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View Full Version : "Metal Lathe" web site and the milling attachment.



Kd0afk
10-14-2012, 09:47 PM
Anyone have any dealings with Andrew Lofquist at the Metal Lathe web site? I'm trying to find out something about the milling attachment and he is either not understanding my question or just being evasive.
All I want to know is whether it will function just like the south bend milling attachment when it is completed or will I have to buy something else before I can use it.
He either thinks I am asking him how to machine the thing on the lathe or what tools I need to machine it on my lathe but that's not what I want to know. The web site sells the milling attachment and a milling base and it is confusing me.

fredlin
10-14-2012, 10:35 PM
I bought the t-slot cross slide, the milling base and the milling attachment many years ago. They arent a substitute for a mill but can do in a pinch. The purpose of the offset base is to bring the milling attch closer to the spindle center line. And it raises it up a bit. You will not neeed to buy anything extra for the milling attch. The offset base isnt a real necessity, just makes it more useful IMO you could make one from steel if you like.
IIRC the offset base will only work with the t-slot cross slide anyway, correct?
The castings are very nice with ample stock all over.

JCHannum
10-15-2012, 01:15 AM
Andy Loftquist is a gentleman and is well known to many on this site. His casting kits are of excellent quality. His castings, of course, will require machining to complete. When completed the milling attachment can be used for milling on the lathe as furnished. It attaches to the cross slide as the South Bend attachment does. It is somewhat different in construction than the South Bend in that it has T-slots and detachable vise jaws. These features add flexibility the SB fixture does not have.

You will not need any additional tooling beyond the attachment for it to function as a milling attachment. However, you might need some additional tooling beyond what you presently have to machine it, without knowing your facilities that is difficult to answer. If you do not have access to a milling machine, the T-slot cross slide and transfer block, or some shop made substitutes will be needed to machine the attachment solely on the 9" South Bend lathe. Both are useful additions to the shop on their own.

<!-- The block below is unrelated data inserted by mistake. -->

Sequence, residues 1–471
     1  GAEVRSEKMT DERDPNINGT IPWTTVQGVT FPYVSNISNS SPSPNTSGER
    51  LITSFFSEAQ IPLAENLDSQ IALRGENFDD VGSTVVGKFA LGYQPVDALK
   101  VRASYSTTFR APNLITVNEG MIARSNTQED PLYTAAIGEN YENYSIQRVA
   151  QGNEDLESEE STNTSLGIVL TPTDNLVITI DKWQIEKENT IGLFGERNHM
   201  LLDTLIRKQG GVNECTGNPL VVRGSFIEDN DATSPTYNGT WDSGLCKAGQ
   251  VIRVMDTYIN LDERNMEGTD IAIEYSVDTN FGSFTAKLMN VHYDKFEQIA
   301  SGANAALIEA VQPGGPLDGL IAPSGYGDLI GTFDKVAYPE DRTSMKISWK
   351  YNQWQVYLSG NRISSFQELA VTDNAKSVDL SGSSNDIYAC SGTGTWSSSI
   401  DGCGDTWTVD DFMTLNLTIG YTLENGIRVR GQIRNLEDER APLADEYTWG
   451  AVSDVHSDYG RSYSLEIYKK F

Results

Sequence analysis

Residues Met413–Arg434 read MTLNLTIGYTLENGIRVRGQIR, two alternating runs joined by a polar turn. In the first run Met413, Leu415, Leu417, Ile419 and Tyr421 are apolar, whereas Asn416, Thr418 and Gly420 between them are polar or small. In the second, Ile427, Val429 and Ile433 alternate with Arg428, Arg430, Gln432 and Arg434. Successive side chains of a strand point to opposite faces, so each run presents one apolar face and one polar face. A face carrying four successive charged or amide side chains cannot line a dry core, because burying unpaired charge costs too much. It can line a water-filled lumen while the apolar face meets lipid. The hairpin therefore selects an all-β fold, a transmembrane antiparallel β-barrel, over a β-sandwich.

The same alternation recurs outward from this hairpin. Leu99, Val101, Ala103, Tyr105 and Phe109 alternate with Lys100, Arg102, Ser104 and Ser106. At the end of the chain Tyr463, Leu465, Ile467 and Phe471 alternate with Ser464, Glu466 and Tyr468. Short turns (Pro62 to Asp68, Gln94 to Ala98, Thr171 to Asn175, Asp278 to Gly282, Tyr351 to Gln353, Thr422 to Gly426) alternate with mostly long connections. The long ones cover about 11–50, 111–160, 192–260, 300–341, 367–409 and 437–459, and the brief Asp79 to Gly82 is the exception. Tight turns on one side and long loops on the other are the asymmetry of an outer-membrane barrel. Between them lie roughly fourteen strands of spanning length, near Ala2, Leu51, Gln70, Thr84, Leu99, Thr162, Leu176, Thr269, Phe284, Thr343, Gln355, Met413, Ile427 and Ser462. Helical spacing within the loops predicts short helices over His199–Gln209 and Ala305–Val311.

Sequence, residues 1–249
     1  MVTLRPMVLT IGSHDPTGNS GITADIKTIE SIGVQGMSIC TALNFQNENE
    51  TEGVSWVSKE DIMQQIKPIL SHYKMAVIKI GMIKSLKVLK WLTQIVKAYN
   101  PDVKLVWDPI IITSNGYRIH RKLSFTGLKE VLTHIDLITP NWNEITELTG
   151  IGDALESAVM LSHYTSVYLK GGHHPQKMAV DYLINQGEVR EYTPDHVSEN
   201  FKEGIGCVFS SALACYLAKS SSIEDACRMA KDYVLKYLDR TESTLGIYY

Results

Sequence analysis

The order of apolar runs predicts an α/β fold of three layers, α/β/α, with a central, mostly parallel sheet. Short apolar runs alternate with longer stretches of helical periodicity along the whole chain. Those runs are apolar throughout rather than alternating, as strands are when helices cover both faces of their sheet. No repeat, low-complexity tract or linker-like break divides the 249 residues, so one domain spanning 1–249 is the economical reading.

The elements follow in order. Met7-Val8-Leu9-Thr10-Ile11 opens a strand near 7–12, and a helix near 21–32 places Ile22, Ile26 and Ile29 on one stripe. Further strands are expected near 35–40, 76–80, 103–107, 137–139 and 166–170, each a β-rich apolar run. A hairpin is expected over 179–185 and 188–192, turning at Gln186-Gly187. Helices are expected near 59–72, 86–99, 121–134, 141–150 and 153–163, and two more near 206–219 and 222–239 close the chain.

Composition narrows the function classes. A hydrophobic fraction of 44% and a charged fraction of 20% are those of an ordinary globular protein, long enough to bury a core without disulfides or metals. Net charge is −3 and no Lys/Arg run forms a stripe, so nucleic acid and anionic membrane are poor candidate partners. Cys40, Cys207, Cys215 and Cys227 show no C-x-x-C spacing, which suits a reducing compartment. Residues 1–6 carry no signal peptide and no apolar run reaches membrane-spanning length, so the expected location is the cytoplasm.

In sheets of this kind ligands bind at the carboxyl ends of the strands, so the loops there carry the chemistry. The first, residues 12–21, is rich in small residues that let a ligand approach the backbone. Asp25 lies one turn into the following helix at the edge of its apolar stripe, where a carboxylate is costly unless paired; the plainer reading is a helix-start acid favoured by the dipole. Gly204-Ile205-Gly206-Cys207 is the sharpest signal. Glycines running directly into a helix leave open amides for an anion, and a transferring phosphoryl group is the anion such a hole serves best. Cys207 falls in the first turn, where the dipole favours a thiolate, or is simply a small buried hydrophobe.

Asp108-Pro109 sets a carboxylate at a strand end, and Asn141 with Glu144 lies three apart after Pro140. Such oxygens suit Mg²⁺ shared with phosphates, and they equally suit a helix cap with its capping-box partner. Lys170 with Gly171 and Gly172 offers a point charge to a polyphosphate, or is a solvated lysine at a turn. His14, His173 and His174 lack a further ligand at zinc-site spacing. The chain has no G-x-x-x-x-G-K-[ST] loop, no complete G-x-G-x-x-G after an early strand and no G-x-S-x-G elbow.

Kd0afk
10-17-2012, 12:03 AM
I wasn't trying to flame the guy or his name. I was just wondering how he is to do business with. Maybe I wasn't being clear when I wrote him but if he's liked here he can't be a bad guy. I will contact him again and see if I can't work something out.
Thanks JCH for the help on the kit, I think it will be what I need for right now.

Ed P
10-17-2012, 09:10 AM
I spoke with Andy not long ago and learned he was close to reaching a milestone, 1000 casting shipped!

Ed P

BigJohnT
10-17-2012, 09:18 AM
I finally found the website and wonder why he does not show a photo of the actual casting?

John

caveBob
11-10-2012, 12:19 AM
Couple questions maybe someone here would have an answer. I've seen these mentioned before but wonder where would you go to have it milled if you don't have a mill? Anyone here take on these kind of jobs? Any clue what it would cost to have it done?

rkepler
11-10-2012, 01:19 AM
Couple questions maybe someone here would have an answer. I've seen these mentioned before but wonder where would you go to have it milled if you don't have a mill? Anyone here take on these kind of jobs? Any clue what it would cost to have it done?

Andy used to have a machine shop who would take on the major work but I think the guy retired some number of years back. I wouldn't have a problem helping someone in my shop with the fixturing and machining, but it would be a lot better for your education to do the work yourself (consider taking some classes at a community college, you can usually do g-jobs for yourself in the shop). As to cost - a one-off would be the most costly since everything gets jigged by itself and there's no point in making tooling, likely 8-12 hours work in the milling fixture alone (I've not made one of these so I'm just guessing here). In case there's someone out there willing to help you might put your location in your profile.

BTW: I've made 5-6 of Andy's casting sets and never hit a bad spot or had a problem. About the only 'complaint' I'd make is that the machining allowance is a bit generous and you have to take a lot off to get it to finished dimensions. That's a lot better than not being able to get all the skin off before cutting into the finished size.